With getting married comes a lot of changes and these include your finances. Though dealing with money issues is not the most romantic of tasks, couples should take time to sort out their finances as soon as they return from the honeymoon.

If you’re a newlywed couple, here are tips on how you can build a good financial foundation at the beginning of your married life.

1. Don’t Keep Secrets

Transparency is the key when you talk about money with your spouse. As you discuss financial matters at the beginning of the marriage, make sure to disclose every financial detail with each other such as your current financial status, debts, and money habits.

For instance, do you have the tendency to be impulsive and spend big or are you more inclined to live frugally and do things on a budget? Are you more of a saver or spender? How about investments? Do you tend to be on the safe or risky side?

When you discuss finances with your spouse, lay your cards down and be ready with your financial statements and other important documents you have concerning money. Whether negative or positive, you need to disclose these details as early as now to avoid future disputes. In fact, if you are facing financial hurdles before tying the knot, it may become more manageable now that you have someone to help you.

2. Find the Best Account Set-up

Deciding which account to put your money in is another concern that you need to discuss as a couple. Are you going to combine your money in a joint account or are you going to keep separate individual accounts?

Most couples today opt to open a joint account for their combined expenses, and retain an individual account for their personal spending. This can be a good way to divide income and expenses when both spouses earn a regular paycheck. It also provides a level of financial independence and space for discretionary spending on both sides. Of course, it can be daunting to ask permission from your spouse each time you want to buy something you want and this may even result to conflicts and fights.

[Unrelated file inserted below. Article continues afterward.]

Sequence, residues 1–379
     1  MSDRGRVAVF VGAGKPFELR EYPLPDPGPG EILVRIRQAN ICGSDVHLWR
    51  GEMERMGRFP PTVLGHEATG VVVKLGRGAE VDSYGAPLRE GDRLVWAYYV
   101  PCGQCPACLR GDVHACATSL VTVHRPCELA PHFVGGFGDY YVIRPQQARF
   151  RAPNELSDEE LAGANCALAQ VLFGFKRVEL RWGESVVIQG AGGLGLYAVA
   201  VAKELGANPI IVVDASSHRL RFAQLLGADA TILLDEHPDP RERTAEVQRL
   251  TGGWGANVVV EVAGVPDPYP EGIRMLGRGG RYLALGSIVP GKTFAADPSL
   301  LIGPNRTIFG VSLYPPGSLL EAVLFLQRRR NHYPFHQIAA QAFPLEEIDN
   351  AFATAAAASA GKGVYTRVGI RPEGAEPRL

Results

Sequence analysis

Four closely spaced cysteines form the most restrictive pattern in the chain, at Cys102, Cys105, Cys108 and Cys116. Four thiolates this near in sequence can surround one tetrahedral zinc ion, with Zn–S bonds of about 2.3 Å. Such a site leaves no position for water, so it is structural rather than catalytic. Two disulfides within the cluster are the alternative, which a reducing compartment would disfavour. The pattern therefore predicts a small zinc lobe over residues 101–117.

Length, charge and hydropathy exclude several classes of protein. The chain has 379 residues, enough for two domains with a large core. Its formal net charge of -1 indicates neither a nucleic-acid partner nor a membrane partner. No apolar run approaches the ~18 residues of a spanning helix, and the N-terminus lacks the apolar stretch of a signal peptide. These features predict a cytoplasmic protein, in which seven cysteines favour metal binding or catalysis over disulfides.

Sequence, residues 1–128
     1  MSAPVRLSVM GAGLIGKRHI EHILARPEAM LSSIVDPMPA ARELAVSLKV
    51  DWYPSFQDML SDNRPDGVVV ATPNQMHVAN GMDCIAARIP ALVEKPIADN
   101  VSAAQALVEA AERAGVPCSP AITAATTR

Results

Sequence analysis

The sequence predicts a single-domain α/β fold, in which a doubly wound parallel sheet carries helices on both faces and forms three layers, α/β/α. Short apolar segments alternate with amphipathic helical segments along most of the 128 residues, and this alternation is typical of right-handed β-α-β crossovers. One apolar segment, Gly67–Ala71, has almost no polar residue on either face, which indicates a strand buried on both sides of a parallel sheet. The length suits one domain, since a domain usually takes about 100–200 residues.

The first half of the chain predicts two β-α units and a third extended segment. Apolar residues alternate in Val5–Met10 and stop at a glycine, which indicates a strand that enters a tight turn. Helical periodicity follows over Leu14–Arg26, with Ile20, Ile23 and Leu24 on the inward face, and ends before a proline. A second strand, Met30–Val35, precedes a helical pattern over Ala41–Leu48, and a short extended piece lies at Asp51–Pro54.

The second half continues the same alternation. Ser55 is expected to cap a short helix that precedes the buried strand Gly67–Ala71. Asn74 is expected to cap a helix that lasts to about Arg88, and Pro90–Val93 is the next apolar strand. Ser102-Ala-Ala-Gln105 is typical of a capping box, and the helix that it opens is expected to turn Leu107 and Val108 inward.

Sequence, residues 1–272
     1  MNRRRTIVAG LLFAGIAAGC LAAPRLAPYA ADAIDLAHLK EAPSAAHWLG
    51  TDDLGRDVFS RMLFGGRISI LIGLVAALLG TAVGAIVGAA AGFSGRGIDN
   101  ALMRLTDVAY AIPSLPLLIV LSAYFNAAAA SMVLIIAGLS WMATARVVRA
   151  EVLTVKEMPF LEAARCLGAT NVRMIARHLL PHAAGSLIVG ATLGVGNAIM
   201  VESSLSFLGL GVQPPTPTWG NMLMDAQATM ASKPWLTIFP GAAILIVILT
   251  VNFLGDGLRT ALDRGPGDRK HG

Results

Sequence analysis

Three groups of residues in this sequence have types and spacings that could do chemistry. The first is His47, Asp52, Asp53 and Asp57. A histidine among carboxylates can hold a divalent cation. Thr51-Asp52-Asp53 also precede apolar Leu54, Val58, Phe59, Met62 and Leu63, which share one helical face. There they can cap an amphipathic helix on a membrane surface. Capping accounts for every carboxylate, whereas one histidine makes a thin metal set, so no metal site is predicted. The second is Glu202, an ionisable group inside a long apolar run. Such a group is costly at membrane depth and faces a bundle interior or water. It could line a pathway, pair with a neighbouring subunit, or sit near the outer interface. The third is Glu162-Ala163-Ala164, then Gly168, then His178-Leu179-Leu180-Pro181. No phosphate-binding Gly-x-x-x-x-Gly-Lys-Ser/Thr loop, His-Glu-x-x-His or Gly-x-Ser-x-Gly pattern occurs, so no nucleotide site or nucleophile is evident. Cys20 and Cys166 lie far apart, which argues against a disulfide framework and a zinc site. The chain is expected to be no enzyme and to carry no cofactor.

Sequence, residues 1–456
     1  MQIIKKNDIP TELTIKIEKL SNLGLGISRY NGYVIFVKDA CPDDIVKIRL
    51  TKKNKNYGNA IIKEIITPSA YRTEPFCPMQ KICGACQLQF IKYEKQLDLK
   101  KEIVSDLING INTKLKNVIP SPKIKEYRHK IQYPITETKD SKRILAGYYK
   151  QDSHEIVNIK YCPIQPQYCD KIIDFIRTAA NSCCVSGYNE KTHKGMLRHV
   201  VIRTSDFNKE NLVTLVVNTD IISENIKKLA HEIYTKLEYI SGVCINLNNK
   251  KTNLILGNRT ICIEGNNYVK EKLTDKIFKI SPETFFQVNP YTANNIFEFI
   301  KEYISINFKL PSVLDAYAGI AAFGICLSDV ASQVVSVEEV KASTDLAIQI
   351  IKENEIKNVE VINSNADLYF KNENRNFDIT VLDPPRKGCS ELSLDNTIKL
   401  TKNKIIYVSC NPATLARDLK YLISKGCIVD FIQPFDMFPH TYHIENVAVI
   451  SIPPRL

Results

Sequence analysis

Meanwhile, a joint account can make sense when only one spouse is working. That may work because income comes only from one person and there’s only one paycheck to budget.

There’s no specific rule on how you and your spouse will allocate your money using different accounts. To find which suits you best, you need to look at your income and how much financial independence you want to retain now that you’re married.

3. Set Goals

As a couple, it’s important to know what you’re aiming for especially in the area of money management. Having goals keeps you focused, enhances your teamwork, and improves your overall financial outlook and status.

Experts say that newlywed couples should set goals that can be attained in a matter of months, years, and decades. Short-term goals include building an emergency fund that’s equivalent to about three-six months worth of your expenses. Goals that can be attained in a span of one to five years are going to an out-of-country destination, or putting a down payment on a property. Meanwhile, long-term goals include saving for a child’s college education and retirement.

4. Evaluate your Insurance Needs

Major life changes such as getting married warrants an evaluation of your current insurance policies and in some cases, it may prompt you to consider getting new ones.

If both of you receive health insurance through your employer, determine if it will be more suitable for you to be under the same plan. If so, decide which offers the best coverage and reasonable cost.

At this point, you should at least look into getting life insurance. This is a good financial risk management tool that can protect your spouse and future family on the impact of an unforeseen loss. If you currently have this policy, evaluate your coverage and see if you need to make changes and adjustments.

5. Enjoy Life

Marriage is not all about hearts and flowers, but that doesn’t make it less worthwhile. If anything, you should enjoy it more now that you have someone to share everything with. Remember that financial planning as a couple is not just about keeping as much money as you can and depriving yourself of the luxuries in life. It’s about creating a balance between allocating your wealth for your needs, working on your financial goals, and enjoying the fruits of your labor.


Author's Bio: 

FPSInsurance aims to help individuals in their retirement and long term care planning. By providing comprehensive information, expert advice and product solutions, FPS Insurance equips families with the necessary insight to make better decisions for their future.